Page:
The Wilderness Spa brings people from three quite different sources together to survive catastrophe in the Alaskan wilderness. They amaze themselves in their ability to coalesce and work cohesively in the face of hunger, injury, insecurity, and possible death. With that on their minds, they explore statistics, logic, social justice, and challenges to philosophies and social norms.
After rocky starts when new members enter the group, they learn to find the best in their fellow travelers, how to help, follow, and lead when necessary. Nothing is ever easy. Without attacking each other, they dig deep to reconcile their differences.
Join the group as they make the best of what they have. Struggle along with them and reconcile your own philosophical belief systems with logic and science.
Wilderness Spa stressed the importance of teamwork. The stranded campers had to use their life skills and adapt to survive the trek to Fort Yukon. Everyone was assigned a task/role. Tom, still recovering from his injuries, did his best to lead the group. This was a difficult feat for the loner. A man with no family and no friends now had his fate resting in the hands of strangers. And these strangers were relying on Tom to help them get back to civilization.
Surprisingly, things went pretty smoothly until I was about 3/4 of the way through it. Then, things took a turn for the worse. While I wouldn’t wish their troubles on real-life people, I welcomed the action scenes for literary purposes. The break-time discussions on racism, evolution, Medicare, Christmas, and so forth reduced my interest in the overall story and the outcome of the characters. When you travel (on foot) through dangerous territory and in less than desirable weather, you expect and want bad things to happen. It makes the story and its plot more realistic.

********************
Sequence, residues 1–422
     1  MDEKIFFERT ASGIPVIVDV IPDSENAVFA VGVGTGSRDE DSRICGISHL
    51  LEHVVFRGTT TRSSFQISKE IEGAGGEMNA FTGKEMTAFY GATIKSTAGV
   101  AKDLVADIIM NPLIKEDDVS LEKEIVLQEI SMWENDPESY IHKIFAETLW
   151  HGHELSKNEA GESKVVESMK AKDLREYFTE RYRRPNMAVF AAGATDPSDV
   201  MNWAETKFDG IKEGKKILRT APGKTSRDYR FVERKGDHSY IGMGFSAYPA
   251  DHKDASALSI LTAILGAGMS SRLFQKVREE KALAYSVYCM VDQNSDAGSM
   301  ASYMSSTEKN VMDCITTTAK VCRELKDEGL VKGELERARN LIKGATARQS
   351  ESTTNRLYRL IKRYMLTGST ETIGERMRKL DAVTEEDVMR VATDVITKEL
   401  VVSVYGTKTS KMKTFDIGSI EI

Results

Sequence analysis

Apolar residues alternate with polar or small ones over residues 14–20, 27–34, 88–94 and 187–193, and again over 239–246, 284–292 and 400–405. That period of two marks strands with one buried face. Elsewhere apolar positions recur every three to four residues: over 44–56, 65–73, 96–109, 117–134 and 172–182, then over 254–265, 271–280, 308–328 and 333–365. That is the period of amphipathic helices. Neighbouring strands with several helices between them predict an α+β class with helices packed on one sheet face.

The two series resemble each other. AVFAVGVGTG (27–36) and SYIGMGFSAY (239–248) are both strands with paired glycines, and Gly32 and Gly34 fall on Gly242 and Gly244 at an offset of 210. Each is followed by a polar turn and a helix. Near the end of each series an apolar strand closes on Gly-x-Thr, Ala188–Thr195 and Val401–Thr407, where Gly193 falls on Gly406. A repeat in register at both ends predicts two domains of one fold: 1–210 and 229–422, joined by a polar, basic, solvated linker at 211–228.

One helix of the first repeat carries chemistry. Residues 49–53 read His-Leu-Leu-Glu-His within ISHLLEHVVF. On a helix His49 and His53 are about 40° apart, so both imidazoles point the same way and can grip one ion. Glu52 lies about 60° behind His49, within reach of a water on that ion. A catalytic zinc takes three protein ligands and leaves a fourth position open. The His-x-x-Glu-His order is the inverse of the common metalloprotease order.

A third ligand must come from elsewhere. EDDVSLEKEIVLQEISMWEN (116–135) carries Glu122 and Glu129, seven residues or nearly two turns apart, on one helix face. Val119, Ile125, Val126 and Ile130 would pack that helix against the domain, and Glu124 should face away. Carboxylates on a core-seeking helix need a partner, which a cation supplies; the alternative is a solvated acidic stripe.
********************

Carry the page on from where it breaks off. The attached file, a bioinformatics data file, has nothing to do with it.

When you live or visit an area with questionable weather and wild animals, you have to expect that bad stuff can and probably will happen. Therefore, every incident that occurred in the last portion of Wilderness Spa was plausible!
Final note: I love the book’s cover. And, I would love to see the Northern Lights of Alaska one day. #BucketList
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Jim Halverson is the author of Trials & Trails (2019) and Ponce, What Actually Happened at the Fountain of Youth (upcoming, 2021). Jim grew up in the rural, gold-mining town of Mokelumne Hill, CA and received his MBA from Golden Gate University. He spent part of his life on a ranch and is an avid student of psychology. He recognizes the struggles of all men and women seeking equality and respect. Jim and his wife, Gail, spend their time traveling from their small farm in Forestville, CA.